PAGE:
Thursday, October 31, 2013

Halloween Brings Out the Creative Spirit in Boys and Ghouls of All Ages

When I was a kid I can't ever recall buying Halloween costumes. Using the raw materials at hand and that magic ingredient "Imagination" I became a whole variety of characters, from Pinochio (with a home-made paper mache head) to Kal-tiki the Immortal Monster (a.k.a. The Blob) for which I actually won a best costume award. (Mom dyed two sheets grey and I rolled around on the floor, which was quite exhausting when the parade circled the room for judging.)

Both my parents were especially creative at Halloween. One year our whole family went to a Halloween party as the characters from the Wizard of Oz, Mom being Dorothy and Dad decked out as the Tin Man, wearing a customized silver-painted cardboard 55-gallon drum for a torso (arm holes cut out for silver arms and silver gloves, silver pants and shoes and all the rest.

This has to be why Halloween is one of our most popular seasons. It gives people a legitimate excuse for creative self-expression. In other words, everyone gets to become an artist for a day. And a character.

Not that everyone suddenly becomes Bob Ross or Pablo Picasso. Rather, people get a thrill by using their imaginations to become fauns, lions, ghosts, ghouls or trees. (Costume idea: if you did want to be an artist, you can dye your hair red and cut off your ear and call yourself Van Gogh.)

Part of this blog entry was stimulated by noticing all the Halloween-themed events that are happening this week. There's the Haunted Halls at UMD from 5-7 tonight in Ianni Hall; Bike Grave II: Apocalypse at the Bike Cave Collective; three days of Halloween Havoc at Tycoons; a performance of Dracula in Washburn; Haunted Happenings: Legend of Hawthorne Manor at the Harrison Community Center; Crafty Ellen's Spooky Booty Dance Party at the Red Star Lounge; a Haunted Shack & Hay Ride at the Buffalo House.

Then there's the Remembering the Dead gathering, with massive robed puppets (kudos to Mary Plaster) and an assortment of moody goings-on including a Funeral March for Rotten Ideas, plus music, poetry and more. This event is from 6-8 p.m. Saturday in the Depot’s Great Hall and the Library pavilion before moving to the Sacred Heart Music Center, 201 W. Fourth Street.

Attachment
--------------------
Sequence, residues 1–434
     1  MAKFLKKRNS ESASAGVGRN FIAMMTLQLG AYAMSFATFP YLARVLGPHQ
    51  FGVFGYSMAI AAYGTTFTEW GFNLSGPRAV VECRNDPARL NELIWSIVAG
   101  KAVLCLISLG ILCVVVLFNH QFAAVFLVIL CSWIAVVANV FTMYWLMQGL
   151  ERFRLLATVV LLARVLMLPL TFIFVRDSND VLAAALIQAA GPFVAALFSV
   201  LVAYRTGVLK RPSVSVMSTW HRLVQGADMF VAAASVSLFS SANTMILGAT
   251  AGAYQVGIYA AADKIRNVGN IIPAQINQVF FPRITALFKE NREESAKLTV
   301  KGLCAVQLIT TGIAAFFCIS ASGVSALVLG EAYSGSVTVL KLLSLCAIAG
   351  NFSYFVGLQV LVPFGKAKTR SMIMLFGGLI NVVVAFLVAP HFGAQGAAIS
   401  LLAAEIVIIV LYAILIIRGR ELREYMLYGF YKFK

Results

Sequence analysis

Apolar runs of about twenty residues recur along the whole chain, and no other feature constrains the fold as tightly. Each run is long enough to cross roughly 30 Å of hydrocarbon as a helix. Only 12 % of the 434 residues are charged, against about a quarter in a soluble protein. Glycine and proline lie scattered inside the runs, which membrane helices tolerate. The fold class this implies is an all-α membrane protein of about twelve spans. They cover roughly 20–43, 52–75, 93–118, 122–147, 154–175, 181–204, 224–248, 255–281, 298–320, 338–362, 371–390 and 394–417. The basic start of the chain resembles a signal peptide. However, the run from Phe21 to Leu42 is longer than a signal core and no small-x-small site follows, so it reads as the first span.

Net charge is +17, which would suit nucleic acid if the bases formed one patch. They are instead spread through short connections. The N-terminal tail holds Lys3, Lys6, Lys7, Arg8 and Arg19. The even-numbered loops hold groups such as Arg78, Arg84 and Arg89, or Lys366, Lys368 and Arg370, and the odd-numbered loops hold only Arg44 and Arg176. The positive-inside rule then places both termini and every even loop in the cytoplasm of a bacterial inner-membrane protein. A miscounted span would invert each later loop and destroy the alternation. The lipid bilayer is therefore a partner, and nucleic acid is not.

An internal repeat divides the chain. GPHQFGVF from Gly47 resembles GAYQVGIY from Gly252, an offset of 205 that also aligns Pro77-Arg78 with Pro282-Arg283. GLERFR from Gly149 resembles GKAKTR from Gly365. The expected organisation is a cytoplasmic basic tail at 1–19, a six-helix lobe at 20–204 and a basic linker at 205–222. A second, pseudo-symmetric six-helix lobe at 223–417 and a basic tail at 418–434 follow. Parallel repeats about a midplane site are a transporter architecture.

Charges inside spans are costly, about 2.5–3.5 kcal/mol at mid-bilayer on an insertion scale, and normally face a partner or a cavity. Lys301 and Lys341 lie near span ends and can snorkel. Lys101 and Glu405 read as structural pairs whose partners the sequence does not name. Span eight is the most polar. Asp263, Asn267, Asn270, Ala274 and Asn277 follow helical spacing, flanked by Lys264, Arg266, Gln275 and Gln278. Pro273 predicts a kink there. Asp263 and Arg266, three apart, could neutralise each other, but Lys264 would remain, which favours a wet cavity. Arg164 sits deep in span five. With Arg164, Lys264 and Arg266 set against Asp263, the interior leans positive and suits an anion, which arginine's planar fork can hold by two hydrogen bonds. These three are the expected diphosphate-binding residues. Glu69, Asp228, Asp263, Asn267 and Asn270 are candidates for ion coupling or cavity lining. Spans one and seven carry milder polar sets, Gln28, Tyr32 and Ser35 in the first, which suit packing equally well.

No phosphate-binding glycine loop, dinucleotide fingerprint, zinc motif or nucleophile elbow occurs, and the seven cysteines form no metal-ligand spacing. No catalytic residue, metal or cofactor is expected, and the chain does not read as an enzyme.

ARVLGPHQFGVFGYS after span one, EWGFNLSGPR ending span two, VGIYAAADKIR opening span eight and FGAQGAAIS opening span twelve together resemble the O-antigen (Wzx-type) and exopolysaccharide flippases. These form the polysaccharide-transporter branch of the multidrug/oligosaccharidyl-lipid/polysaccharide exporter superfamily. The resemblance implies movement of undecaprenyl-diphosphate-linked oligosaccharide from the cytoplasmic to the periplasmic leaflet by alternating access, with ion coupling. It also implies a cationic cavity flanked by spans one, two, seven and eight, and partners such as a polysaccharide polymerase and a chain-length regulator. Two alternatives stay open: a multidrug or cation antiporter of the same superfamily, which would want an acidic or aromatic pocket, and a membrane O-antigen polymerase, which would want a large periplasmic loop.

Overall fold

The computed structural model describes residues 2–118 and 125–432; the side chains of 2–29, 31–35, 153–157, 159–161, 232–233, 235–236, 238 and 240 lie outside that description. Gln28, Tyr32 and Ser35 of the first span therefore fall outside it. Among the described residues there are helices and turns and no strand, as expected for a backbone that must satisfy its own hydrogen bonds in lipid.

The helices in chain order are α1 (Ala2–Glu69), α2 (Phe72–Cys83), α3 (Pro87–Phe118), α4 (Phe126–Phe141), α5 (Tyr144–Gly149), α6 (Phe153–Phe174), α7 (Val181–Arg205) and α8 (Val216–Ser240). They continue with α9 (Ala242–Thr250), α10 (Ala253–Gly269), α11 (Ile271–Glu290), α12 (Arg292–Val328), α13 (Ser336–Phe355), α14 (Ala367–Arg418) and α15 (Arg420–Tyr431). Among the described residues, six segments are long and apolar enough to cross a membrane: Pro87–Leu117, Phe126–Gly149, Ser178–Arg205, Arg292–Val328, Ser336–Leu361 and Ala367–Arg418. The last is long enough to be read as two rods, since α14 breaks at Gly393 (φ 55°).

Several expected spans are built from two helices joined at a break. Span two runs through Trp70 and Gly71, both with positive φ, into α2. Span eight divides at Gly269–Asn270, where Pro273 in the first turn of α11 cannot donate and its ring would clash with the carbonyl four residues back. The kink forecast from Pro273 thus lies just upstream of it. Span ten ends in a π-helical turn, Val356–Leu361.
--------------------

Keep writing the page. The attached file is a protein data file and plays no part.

If you're not in the mood to dress up yourself, you might simply want to dress up some of the pictures in your office or living room. That's what my daughter did with my print called Don't Look Back (top of page here.)

Meantime... Whatever you decide to do, do it with all your heart and have fun.

Tuesday, October 29, 2013

Spotlight on Crystal Pelkey

The Twin Ports has a rich heritage in the arts that spans many decades. One recent addition has been the Zeitgeist Arts building with its Zinema, Café and Teatro Zuccone, spawned by the Zeppa Foundation for whom Crystal Pelkey served as managing director.

EN: What was your role in the Zeppa Foundation and how did that come about?
Crystal Pelkey: In February 2009, Alan Zeppa asked me to join the Zeppa Foundation team to help launch the new performance theater, Teatro Zuccone. As Managing Director from 2009-2011, I created programing/events/experiences in our theater that fit within the mission of Zeitgeist Arts. It was exciting to be there as the actual venues were being built (Zinema, and the Café) and have creative input on that process. The Teatro Zuccone became venue for local artists, touring artists and the permanent home to Renegade Theater Company. From 2011-2012, I served as Marketing Director for Zeitgeist Arts, and had an eventful time creating and marketing unique arts experiences for our community.

EN: When did you first take an interest in the arts and what kind of creative work do you specialize in?
CP: My creative work started in theater arts. It helped shape me as a writer, producer, and director, areas that I specialize in. It took off in 2004 when I accepted the role as Nurse Flinn in Renegade’s production of One Flew Over the Cuckoo’s Nest. I was hooked. I stage managed and then assisted directed the next few productions, helped write and performed in the original holiday sketch comedy shows after that, and really jumped full steam ahead into the theater scene, worked hard, had a ton of fun, and found my new family.

EN: How did you come to be part of the Duluth arts community yourself?
CP: In many ways it started in 2005 when I stage managed the first production (The Laramie Project) at the Play Ground theater, then located in the Technology Village. The space was so new that upcoming performances were scheduled, but no one was on staff to run them. I quickly jumped at the opportunity to work in the arts all while having another full time job. It was in that position that I first met and worked with artists in theater, music, film, dance, spoken word, visual arts, as well as touring regional and national artists. I stage/production managed nearly every show for the first four years of the theater’s existence, and had the amazing opportunity to work with artists from all mediums---from the initial show/concept idea all the way to the end of the production by running lights/sound/projections.